A six-pack of Dolphins notes as we approach the first exhibition game at 7 p.m Thursday against Tampa Bay:
▪ There are a bunch of on-the-bubble players who will be under the proverbial microscope in these four games, with Leonte Carroo among the more notable.
The Dolphins traded their 2016 sixth round pick (186th overall), their 2017 third round pick and their 2017 fourth round pick in order to be able to draft Carroo 86th overall in 2016.
But Miami is prepared to move on if he doesn’t win a job in camp.
And Carroo admitted this week that what’s happened to him has been eye-opening.
“I would say it’s a humbling experience,” Carroo said, “going from being a starter in high school, Pop Warner and college, to coming here.”
He has 10 catches for 98 yards in two years.
There have been several issues for Carroo here: He wasn’t in prime condition initially. Consistently creating separation from cornerbacks has been a challenge. And he hasn’t had a lot of opportunities in games because of Miami’s commitment to veterans Kenny Stills, DeVante Parker and the past two years, Jarvis Landry.
Isaiah Ford would be clearly leading in the battle for the sixth receiver spot – should Miami keep that many - if he hadn’t been limited somewhat this past week with a shoulder injury. Rashawn Scott has made a move in the past week. But Carroo responded this week, catching two touchdowns in Tuesday’s practice.
Perhaps they’re competing for a job – sixth receiver – that might not get any offensive snaps this year barring injuries. But it beats unemployment.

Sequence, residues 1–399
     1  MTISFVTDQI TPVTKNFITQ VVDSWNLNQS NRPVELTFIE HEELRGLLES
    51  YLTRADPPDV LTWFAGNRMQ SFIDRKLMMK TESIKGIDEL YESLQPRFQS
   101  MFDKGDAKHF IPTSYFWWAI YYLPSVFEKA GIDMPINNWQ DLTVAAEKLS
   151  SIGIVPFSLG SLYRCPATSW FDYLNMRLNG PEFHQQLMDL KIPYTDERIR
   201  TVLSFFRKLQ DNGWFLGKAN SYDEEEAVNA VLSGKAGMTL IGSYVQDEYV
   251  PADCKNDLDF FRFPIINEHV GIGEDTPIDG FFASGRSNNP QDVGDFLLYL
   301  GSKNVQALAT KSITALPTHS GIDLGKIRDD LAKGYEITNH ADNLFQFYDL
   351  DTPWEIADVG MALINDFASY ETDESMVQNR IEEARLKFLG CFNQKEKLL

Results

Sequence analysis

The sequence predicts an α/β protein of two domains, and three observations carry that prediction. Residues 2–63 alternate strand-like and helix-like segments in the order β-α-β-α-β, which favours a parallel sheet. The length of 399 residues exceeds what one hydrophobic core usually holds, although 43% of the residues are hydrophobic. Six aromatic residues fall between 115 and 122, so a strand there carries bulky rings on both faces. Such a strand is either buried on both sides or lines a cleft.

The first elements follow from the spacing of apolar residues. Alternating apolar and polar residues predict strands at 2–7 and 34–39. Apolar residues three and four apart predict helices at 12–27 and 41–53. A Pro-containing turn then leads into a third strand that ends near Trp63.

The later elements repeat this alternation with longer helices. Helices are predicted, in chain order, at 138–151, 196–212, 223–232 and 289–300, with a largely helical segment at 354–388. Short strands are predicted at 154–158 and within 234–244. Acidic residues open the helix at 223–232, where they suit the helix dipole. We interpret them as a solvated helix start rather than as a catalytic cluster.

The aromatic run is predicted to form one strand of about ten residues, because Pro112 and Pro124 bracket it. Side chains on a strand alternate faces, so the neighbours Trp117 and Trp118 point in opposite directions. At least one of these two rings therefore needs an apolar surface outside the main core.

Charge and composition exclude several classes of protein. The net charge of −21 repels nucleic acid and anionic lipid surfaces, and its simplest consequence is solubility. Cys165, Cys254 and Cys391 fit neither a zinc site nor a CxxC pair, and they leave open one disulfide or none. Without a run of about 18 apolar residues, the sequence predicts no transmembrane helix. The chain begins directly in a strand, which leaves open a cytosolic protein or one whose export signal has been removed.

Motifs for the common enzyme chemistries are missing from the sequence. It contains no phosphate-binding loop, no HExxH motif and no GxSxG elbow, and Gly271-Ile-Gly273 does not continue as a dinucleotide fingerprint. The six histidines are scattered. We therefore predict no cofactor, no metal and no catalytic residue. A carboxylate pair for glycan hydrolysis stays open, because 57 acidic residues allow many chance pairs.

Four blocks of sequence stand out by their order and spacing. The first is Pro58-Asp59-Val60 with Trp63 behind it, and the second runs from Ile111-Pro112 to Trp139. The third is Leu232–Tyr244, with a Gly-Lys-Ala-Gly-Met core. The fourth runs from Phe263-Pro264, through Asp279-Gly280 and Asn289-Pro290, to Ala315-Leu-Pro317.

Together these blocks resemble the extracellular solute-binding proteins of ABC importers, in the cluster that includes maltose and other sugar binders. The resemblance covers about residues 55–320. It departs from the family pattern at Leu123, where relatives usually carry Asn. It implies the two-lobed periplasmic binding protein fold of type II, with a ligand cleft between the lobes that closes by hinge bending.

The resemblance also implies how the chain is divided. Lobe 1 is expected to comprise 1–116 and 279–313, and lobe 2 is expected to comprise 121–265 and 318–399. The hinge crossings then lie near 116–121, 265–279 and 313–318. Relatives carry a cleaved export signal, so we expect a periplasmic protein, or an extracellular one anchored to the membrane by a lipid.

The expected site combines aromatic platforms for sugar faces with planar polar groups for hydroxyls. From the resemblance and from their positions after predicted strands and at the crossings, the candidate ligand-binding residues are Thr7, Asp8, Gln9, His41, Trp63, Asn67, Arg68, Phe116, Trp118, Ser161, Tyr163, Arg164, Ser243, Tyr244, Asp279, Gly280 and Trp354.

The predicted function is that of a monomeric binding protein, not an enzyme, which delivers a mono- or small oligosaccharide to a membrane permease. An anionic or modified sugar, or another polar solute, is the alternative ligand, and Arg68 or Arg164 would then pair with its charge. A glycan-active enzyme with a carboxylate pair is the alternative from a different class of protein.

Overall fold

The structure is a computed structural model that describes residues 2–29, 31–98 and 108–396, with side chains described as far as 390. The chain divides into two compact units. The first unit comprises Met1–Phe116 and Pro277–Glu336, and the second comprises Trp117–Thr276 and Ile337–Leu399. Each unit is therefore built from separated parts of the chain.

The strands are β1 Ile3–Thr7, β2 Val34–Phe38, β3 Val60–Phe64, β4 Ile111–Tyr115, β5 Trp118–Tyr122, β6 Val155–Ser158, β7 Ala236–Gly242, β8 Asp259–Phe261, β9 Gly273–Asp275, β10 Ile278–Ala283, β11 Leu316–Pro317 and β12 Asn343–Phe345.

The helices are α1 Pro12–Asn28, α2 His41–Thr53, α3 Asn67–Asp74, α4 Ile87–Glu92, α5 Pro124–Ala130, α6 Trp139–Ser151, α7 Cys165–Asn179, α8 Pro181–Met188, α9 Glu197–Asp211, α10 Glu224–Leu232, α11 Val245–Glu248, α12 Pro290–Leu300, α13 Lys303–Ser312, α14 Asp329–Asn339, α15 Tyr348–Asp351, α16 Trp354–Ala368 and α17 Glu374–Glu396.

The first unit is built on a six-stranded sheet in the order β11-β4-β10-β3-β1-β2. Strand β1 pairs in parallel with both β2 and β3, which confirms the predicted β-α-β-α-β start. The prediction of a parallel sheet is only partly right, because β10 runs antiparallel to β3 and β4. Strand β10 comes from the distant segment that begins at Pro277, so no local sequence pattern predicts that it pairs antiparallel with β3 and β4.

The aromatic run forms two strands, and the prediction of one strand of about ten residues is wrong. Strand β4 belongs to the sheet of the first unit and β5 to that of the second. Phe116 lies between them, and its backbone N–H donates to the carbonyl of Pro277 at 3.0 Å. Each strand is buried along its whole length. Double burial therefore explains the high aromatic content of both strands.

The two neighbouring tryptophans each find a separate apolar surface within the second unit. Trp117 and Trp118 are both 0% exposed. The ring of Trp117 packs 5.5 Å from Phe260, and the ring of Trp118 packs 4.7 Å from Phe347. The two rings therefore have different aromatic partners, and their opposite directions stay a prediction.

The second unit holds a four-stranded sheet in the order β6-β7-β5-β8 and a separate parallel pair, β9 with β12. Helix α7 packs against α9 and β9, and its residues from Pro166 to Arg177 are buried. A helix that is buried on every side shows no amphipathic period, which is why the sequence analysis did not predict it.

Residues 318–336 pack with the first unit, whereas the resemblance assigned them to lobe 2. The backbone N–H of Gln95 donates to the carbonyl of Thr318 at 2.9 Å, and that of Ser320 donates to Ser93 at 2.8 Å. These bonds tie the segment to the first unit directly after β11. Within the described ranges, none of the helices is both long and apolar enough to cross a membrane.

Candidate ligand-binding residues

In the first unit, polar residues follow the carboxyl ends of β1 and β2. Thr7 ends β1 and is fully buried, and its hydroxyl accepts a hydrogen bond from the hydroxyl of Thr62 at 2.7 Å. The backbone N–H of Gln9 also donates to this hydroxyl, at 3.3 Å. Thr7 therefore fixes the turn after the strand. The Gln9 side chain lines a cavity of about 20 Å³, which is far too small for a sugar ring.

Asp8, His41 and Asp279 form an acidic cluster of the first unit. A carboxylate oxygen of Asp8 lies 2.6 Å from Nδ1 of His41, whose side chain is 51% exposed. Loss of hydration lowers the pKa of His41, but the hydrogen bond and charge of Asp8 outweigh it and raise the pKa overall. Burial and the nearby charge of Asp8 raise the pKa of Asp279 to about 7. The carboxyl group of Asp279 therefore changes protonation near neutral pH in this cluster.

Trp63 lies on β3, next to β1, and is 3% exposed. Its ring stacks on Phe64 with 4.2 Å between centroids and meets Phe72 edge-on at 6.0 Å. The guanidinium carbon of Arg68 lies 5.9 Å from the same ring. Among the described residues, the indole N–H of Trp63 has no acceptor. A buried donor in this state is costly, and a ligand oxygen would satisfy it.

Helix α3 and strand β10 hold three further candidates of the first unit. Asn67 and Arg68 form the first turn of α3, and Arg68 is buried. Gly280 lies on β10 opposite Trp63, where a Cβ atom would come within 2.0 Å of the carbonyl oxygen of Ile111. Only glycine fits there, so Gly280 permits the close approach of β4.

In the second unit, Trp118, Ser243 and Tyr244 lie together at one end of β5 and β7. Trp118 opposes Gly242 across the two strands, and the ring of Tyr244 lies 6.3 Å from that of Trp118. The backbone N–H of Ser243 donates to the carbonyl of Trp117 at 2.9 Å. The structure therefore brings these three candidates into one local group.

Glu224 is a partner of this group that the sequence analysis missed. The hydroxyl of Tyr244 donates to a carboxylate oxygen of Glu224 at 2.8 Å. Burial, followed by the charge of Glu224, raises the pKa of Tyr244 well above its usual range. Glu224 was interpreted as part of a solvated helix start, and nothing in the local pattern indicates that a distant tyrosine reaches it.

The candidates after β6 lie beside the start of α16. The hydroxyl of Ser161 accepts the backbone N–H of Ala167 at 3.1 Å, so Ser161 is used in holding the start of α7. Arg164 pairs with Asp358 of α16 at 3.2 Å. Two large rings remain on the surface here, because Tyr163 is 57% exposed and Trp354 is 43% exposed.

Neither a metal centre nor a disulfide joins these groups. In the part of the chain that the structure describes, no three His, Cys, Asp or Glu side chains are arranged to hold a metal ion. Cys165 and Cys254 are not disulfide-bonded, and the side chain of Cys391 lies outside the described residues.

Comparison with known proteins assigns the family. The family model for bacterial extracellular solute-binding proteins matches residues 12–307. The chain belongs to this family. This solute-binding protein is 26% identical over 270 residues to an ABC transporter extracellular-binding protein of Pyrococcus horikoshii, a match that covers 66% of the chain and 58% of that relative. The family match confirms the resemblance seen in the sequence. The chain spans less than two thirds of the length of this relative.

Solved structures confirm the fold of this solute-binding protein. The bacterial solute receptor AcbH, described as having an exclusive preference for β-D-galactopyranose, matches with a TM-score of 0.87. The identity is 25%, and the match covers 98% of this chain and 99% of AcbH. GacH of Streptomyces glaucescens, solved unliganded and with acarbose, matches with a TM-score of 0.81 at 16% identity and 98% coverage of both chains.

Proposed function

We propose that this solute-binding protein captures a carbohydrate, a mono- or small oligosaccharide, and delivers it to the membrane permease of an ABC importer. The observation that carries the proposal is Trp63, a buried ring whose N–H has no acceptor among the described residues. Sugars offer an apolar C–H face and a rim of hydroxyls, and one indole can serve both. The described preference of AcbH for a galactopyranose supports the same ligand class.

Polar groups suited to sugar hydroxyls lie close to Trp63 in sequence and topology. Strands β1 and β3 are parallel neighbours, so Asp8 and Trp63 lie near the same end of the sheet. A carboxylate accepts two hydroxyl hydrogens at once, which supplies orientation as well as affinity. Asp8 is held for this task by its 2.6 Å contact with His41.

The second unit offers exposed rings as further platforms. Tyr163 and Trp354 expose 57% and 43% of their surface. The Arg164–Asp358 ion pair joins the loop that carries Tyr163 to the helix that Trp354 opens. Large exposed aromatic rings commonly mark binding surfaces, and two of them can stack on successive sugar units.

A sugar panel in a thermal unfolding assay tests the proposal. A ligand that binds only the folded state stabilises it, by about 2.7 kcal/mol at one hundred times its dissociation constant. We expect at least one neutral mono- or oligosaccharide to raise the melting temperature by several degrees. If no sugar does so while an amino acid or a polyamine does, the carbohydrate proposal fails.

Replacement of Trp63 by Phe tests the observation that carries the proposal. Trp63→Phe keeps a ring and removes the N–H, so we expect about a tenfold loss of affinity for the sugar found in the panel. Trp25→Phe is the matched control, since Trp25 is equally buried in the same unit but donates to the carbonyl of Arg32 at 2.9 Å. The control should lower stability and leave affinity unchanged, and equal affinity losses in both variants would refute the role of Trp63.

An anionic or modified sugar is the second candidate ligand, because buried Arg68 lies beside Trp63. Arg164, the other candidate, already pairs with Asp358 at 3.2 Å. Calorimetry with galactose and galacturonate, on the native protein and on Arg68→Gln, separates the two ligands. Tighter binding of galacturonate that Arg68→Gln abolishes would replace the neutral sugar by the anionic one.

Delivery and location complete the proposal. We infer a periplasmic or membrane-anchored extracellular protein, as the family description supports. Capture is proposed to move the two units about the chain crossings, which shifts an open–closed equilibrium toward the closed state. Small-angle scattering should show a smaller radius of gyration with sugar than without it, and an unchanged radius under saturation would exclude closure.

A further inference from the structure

▪ Frank Gore had an unexpected Jay Ajayi reference in discussing Kenyan Drake this week.
“My first time seeing him was when they played Denver before we played Denver. I watched his film and I was like ‘man, I kind of see why they traded Jay Ajayi,’” Gore said, recalling last year’s Colts-Broncos game. “He’s very talented. Jay Ajayi was a great back too but Kenyan is a very talented guy. He can do everything.”
Drake’s ability to bounce outside on runs that are bottled up has been on full display in camp. It will be fascinating to watch his growth this year.
“This is my third year in the offense so I’m very confident,” Drake said. “So when I’m playing faster, I feel like I can change speeds, change paces and keep the defense off balance.”
▪ The Dolphins are eager to see the debut of Robert Quinn, who has had multiple sacks in camp and says he’s very comfortable playing end in a 4-3 defense (going against the left tackle) instead of the linebacker position where the Rams used him.
“I think this defense is really what he was raised in,” Adam Gase said. “I guess that’s the best way to put it. When he came in the league and this is what he did, it’s what he did in college and when you switch to a 3-4 defense, there’s some more mechanics that go along with that when all of a sudden now you’re standing up. I do think he’s comfortable having his hand in the dirt. He did a good job last year. I just don’t think he was comfortable doing that.
“Sometimes guys have a certain ability to get off the ball a certain way. Cam (Wake’s) stance might be a little different than his, but they’re successful doing it. I think he doesn’t have to worry about coverage and dropping and things like that. That’s a different role for him if he has to do that, and he was asked to do that a little bit last year.”
▪ One position with potential for a starting-caliber acquisition in the next month would be cornerback, if Cordrea Tankersley and Torry McTyer aren’t good in preseason. The Dolphins considered cornerback Sam Beal in the supplemental but didn’t have him rated as highly as the Giants, who used a third round pick on him and then watched him sustain a likely season-ending shoulder injury.